7. Don’t give up. It’s easy to throw up your hands during a job search. You will not hear back from employers. You will not get an offer after a great interview. That’s how, unfortunately, the job search process works. But don’t raise the white flag and stop searching. Don’t give up incrementally and find yourself in the cold world of a half-hearted job hunt. Vow to keep going to get the job.
  8. Don’t take it personally. You will get rejected in your job search. Reframe rejection as a good thing—you don’t want to work somewhere that isn’t as good a fit as you thought. Move on.
  9. Consider everything you do to be progress. Every day you spend job searching is one day closer to your next paycheck. Job searches take time. Know it and consider everything you do to be progress toward getting a job.
  10. Pat yourself on the back every day. Review what you did in your job search at the end of the day. Congratulate yourself on every job application, every person you talk with, every new opportunity, and every follow up.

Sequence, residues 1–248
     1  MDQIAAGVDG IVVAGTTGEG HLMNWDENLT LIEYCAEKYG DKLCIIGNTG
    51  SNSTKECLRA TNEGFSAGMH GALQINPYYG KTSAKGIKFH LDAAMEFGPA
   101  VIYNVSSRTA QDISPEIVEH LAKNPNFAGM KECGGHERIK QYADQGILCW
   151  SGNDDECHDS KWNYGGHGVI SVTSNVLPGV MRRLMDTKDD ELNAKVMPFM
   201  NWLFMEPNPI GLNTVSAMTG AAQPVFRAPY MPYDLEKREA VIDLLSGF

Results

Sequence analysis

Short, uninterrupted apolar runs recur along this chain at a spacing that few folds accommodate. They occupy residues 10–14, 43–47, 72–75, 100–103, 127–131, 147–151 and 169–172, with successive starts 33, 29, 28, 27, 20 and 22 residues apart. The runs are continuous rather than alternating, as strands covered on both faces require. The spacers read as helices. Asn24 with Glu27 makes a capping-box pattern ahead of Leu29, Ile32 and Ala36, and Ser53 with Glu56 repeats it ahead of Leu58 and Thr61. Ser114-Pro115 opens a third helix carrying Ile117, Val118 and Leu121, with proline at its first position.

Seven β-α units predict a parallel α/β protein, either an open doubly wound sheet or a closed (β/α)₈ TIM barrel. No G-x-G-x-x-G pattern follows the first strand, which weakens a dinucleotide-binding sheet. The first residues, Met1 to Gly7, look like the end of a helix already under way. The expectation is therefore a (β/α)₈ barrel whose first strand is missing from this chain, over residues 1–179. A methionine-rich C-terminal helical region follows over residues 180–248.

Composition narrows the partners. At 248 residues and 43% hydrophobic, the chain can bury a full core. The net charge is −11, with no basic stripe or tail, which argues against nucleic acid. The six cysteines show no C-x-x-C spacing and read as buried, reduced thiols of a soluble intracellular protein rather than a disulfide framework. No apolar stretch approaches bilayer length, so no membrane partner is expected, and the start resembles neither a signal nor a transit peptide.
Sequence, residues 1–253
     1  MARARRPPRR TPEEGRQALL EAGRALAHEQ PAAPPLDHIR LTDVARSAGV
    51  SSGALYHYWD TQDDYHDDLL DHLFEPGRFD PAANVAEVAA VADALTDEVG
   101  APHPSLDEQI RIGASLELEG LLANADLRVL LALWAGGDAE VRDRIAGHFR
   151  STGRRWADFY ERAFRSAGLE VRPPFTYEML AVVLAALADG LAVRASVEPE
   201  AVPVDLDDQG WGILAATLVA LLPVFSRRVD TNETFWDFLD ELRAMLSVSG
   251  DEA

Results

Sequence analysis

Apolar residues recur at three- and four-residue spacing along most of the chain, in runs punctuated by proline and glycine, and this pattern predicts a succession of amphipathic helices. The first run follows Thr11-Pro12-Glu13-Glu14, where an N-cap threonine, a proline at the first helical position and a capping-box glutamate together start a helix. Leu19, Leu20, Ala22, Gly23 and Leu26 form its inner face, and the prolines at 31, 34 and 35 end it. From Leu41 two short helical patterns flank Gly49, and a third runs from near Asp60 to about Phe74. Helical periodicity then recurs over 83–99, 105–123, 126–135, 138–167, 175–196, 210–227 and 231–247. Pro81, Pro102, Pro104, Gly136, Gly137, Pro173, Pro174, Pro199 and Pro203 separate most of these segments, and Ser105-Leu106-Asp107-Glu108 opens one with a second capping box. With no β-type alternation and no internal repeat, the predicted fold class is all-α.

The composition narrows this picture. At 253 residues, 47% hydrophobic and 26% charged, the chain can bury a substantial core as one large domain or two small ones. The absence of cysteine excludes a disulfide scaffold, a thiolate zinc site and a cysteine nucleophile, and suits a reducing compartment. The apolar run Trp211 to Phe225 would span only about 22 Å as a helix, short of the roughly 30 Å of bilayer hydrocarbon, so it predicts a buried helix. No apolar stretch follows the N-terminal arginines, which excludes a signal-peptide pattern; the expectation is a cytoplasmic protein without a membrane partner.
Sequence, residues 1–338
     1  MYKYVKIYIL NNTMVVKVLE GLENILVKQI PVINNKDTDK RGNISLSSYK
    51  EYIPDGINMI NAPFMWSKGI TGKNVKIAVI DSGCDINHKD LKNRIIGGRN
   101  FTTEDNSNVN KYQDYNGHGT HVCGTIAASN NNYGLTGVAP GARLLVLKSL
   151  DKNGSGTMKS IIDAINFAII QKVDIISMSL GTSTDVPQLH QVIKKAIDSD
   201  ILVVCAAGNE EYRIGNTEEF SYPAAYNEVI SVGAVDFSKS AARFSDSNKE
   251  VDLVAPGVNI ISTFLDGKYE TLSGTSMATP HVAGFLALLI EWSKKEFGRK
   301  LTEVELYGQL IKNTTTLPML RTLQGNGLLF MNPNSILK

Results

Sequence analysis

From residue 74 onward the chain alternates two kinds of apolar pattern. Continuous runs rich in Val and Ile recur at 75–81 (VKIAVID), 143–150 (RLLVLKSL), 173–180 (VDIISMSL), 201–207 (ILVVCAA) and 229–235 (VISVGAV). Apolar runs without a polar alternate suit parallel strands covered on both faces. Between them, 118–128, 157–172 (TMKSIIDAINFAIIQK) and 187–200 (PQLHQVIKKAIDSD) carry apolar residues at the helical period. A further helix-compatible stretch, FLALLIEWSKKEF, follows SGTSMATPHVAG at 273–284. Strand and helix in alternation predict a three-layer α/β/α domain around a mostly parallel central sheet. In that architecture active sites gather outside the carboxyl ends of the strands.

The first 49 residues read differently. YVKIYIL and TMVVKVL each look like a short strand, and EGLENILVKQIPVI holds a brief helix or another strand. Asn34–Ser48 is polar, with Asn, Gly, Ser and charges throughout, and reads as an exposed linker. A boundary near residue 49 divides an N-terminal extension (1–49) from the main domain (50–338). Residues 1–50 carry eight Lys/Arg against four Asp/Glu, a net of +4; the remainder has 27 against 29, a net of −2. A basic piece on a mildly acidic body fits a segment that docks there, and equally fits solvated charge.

11. Remind yourself of your strengths and skills. Know that your skills and background will be a great fit for the right job and the right employer. Make a list of your best skills and traits and review it to remind yourself of everything you offer.
  12. Don’t complain. Never let a discouraging word cross your lips. OK, maybe one or two, but then get back to your job hunt and keep your energy and attitude in a positive place.
  13. Be accountable. Find someone who will help you be accountable in your job hunt. Tell this person what you are going to do, and then make sure this person asks you later if you did it. By committing to job search activities and sharing them with a friend or mentor, you will be more likely to do what you say you will. This person will most likely be positive and supportive, which is very helpful during a job hunt.